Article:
129 
  130 =over 3
  131 
  132 =item func
  133 
  134 Ref to a subroutine that evaluates the transformed coordinates.  It's
  135 called with the input coordinate, and the "params" hash.  This
  136 springboarding is done via explicit ref rather than by subclassing,
  137 for convenience both in coding new transforms (just add the
  138 appropriate sub to the module) and in adding custom transforms at
  139 run-time. Note that, if possible, new C<func>s should support
  140 L<inplace|PDL::Core/inplace> operation to save memory when the data are flagged
  141 inplace.  But C<func> should always return its result even when
  142 flagged to compute in-place.
  143 
  144 C<func> should treat the 0th dimension of its input as a dimensional
  145 index (running 0..N-1 for R^N operation) and broadcast over all other input
  146 dimensions.
  147 
  148 =item inv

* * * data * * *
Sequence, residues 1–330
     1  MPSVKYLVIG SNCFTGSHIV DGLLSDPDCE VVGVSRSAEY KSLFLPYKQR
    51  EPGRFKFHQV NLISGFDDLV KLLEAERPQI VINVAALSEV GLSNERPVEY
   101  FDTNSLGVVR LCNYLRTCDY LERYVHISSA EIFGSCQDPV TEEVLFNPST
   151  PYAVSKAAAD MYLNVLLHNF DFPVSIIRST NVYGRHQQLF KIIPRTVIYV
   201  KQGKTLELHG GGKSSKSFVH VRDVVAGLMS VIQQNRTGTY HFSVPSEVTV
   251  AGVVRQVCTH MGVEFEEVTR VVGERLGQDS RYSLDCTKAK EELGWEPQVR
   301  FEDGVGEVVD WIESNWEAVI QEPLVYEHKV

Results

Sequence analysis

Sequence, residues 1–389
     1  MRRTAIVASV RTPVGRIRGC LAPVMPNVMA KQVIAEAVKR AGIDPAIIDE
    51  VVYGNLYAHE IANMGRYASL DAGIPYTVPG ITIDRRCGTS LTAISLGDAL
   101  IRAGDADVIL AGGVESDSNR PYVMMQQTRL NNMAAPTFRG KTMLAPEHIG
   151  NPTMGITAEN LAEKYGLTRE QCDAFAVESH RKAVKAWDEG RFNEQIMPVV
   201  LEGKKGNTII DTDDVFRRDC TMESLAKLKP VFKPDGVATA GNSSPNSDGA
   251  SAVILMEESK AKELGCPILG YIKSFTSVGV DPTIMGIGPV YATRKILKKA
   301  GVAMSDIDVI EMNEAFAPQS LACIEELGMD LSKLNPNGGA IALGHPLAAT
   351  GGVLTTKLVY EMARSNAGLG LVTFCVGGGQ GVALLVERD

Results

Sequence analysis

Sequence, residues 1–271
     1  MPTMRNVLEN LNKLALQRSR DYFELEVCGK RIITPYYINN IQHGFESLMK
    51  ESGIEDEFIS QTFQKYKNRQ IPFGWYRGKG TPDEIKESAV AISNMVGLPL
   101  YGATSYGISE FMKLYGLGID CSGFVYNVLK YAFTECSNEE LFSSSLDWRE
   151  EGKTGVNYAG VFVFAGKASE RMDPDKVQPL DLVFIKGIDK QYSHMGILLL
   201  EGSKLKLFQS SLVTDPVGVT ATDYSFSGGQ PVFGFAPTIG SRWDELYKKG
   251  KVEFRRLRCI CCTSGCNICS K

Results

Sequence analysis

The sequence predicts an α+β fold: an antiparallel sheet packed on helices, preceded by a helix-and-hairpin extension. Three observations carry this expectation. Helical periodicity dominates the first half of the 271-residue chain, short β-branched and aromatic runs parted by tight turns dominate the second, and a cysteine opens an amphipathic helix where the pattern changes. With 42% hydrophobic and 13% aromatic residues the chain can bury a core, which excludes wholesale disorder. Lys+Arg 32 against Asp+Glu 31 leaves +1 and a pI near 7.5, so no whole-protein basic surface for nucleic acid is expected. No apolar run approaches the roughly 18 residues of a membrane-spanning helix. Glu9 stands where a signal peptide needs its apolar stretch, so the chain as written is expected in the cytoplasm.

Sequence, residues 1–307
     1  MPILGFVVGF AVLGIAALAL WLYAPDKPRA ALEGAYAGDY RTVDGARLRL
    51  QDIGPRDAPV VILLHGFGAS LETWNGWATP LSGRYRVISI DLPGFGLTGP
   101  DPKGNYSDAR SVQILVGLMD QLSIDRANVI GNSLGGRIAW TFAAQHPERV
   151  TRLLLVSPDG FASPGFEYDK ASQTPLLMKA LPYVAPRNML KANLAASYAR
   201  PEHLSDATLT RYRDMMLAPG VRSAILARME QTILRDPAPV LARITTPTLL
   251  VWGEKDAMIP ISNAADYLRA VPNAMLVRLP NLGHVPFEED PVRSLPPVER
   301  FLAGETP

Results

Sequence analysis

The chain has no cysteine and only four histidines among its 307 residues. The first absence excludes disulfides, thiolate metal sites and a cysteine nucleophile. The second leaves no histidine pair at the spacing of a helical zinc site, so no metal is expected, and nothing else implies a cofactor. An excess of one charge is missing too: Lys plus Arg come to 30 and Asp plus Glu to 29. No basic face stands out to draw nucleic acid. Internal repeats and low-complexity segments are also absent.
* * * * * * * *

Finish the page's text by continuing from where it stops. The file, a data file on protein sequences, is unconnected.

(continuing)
149 
  150 Ref to an inverse method that reverses the transformation.  It must
  151 accept the same "params" hash that the forward method accepts.  This
  152 key can be left undefined in cases where there is no inverse.
  153 
  154 =item idim, odim
  155 
  156 Number of useful dimensions for indexing on the input and output sides
  157 (ie the order of the 0th dimension of the coordinates to be fed in or
  158 that come out).  If this is set to 0, then as many are allocated as needed.
  159 
  160 =item name
  161 
  162 A shorthand name for the transformation (convenient for debugging).
  163 You should plan on using UNIVERAL::isa to identify classes of
  164 transformation, e.g. all linear transformations should be subclasses
  165 of PDL::Transform::Linear.  That makes it easier to add smarts to,
  166 e.g., the compose() method.